The Pastors Workshop
The Pastor as Father: Several Surprises
The Second Surprise: Fathers Taking a Back Seat to the Father
It is also surprising to note how Paul and his colleagues summarized the content of their urging, encouraging, and pleading. In their fatherly role, they wanted the Thessalonian believers to "lead a life worthy of God, who calls you into his own kingdom and glory" (2:12). The pastors did not call their flock to be worthy of or to imitate themselves. They did not emphasize their own authority, but rather the authority of God who alone calls people into his kingdom and glory. This is particularly striking given the fact that, in the Roman world, the father had complete authority over his children's lives. Yet Paul and his colleagues refused to portray themselves in this way because they knew that God alone was the authoritative Father of his Thessalonian children.
The picture of the pastor as a father that emerges from 1 Thessalonians 2:11-12 seems to fit well with what many of us, clergy and lay people alike, assume to be the role of the pastor in a church. Urging, encouraging, and pleading sounds a lot like preaching and teaching. Yet, we would miss two of the main surprises in this passage if we wrapped things up here.
The Third Surprise: Father to "Each One" Personally
For one thing, we must note that Paul & Co. claim to have "dealt with each one of [the Thessalonian believers] like a father with his children" (2:11). The phrase "each one of you" (hena hekaston hymon in Greek) suggests a more personal and intimate kind of pastoral work than can happen in a sermon or lecture. Paul and his co-workers assume a one-on-one context here. They exercised their fatherly efforts, not just by teaching groups of Thessalonian Christians, but also by getting to know them personally and caring for them individually.
Do you think of your pastoral ministry in this way? If you work with youth or small groups, or if you're the designated pastoral care person, then you are probably comfortable with the one-on-one dimension of fatherly pastoral service. But what if you're the preacher? And what if your congregation numbers in the hundreds, or even the thousands? How can you be expected to be the "father" of "each one" of your congregation?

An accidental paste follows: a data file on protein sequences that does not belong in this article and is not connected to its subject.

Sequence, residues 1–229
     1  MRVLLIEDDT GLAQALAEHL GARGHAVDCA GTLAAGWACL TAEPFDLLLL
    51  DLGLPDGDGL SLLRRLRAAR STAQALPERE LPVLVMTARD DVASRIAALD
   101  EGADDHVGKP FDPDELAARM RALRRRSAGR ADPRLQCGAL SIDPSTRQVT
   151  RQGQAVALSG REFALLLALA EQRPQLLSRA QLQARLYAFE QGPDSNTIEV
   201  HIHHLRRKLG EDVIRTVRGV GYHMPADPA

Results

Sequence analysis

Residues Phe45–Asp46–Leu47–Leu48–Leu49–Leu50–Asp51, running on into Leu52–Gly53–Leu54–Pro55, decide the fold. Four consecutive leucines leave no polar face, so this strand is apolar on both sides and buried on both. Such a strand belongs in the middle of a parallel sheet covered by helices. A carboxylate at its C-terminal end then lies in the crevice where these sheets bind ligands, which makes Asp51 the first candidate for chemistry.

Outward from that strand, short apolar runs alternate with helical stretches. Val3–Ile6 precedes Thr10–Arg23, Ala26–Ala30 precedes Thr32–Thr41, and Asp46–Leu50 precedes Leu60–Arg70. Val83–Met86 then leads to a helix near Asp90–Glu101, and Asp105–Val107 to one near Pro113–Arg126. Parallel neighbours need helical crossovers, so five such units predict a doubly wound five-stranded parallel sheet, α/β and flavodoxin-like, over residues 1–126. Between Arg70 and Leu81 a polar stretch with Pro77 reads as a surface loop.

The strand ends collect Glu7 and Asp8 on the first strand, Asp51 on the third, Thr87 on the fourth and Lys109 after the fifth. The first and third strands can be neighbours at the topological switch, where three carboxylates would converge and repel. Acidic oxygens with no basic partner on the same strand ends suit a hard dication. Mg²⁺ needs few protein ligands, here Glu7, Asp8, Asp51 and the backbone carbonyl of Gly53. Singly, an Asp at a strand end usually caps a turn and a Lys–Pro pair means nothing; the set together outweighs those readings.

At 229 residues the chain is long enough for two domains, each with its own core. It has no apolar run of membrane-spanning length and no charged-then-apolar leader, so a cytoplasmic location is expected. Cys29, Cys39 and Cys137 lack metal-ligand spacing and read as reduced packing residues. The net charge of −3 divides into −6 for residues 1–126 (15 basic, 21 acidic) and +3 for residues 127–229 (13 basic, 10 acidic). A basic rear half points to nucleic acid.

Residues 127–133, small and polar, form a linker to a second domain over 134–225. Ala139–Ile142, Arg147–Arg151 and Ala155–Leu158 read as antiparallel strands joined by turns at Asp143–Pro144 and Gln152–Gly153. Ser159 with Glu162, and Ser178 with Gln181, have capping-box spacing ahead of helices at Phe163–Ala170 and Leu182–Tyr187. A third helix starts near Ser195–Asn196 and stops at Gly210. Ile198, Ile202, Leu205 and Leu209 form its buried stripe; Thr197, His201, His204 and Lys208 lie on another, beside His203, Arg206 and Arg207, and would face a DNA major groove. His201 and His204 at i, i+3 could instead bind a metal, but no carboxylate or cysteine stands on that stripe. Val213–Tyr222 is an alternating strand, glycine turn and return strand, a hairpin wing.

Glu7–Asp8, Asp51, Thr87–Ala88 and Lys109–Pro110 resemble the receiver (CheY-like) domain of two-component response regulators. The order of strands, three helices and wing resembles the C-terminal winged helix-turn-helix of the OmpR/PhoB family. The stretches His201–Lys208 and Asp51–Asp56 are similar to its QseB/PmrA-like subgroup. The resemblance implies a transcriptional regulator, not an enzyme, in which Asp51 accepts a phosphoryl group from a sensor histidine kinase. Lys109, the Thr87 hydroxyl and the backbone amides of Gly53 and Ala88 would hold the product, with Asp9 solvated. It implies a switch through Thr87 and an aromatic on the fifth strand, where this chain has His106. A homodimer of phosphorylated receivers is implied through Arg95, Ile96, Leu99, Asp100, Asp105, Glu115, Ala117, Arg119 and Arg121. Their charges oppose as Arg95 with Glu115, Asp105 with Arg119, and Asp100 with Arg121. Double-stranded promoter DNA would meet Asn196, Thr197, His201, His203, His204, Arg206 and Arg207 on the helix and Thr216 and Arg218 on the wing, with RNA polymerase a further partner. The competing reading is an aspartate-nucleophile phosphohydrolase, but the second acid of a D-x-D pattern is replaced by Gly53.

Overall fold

Having once pastored a church with 750 members, not to mention 300 children and a few hundred regular attenders, I realize that not every pastor can care personally for every person in the church. I actually had an elder who once suggested that I should do this every thing, which would have required more than 1,000 appointments if I were to meet with each person in my church once a year. So, believe me, I'm not trying to lay some guilt trip on pastors concerning how they need to care personally for everyone in their churches. But, I am concerned that some pastors see their primary ministry so much in terms of speaking to large groups that they miss an essential element of biblical pastoral practice. Moreover, the effectiveness of a preacher is enhanced if that preacher spends time with individuals in the congregation and community, getting to know their actual struggles, fears, dreams, questions, and victories.
In sum, the surprises of this passage suggest the following for us:
Surprise #1: As we urge, encourage, and plead with our flock, let us avoid the kind of harshness and domination that was common among popular philosophers in the first century A.D., and is sometimes common among preachers today.
Surprise #2: In the exercise of our authority in ministry, may we never forget that our authority is always secondary, always contingent, always derived from God who is the ultimate Father of his children. Moreover, though we are to be living examples of the Gospel in action, let us remember that we are helping our people to respond to the call of God by living a life in imitation of him. Pastoral ministry is first and foremost about God, not us. We should always seek to point people to God.
Surprise #3: Though some of us will rightly focus our efforts on preaching and teaching large groups of people, may we never lose touch with individuals. May we never stop relating to people as a father with each one of his children.
So, there you have the surprises of the paternal imagery in this passage . . . except for one. You may have noticed that I wrote, "we would miss two of the main surprises in this passage if we wrapped things up here." Then I went on to focus on one surprise, that of individual fatherly care. But I left one surprise dangling. It is, perhaps, the biggest surprise of all in this text. I'll pick it up in my next article for the Preachers Portal.
Mark D. Roberts is Senior Director and Scholar-in-Residence for Laity Lodge, a retreat and renewal ministry in Texas. He blogs at Patheos and writes daily devotionals at www.thehighcalling.org, and he can also be followed through Twitter and Facebook.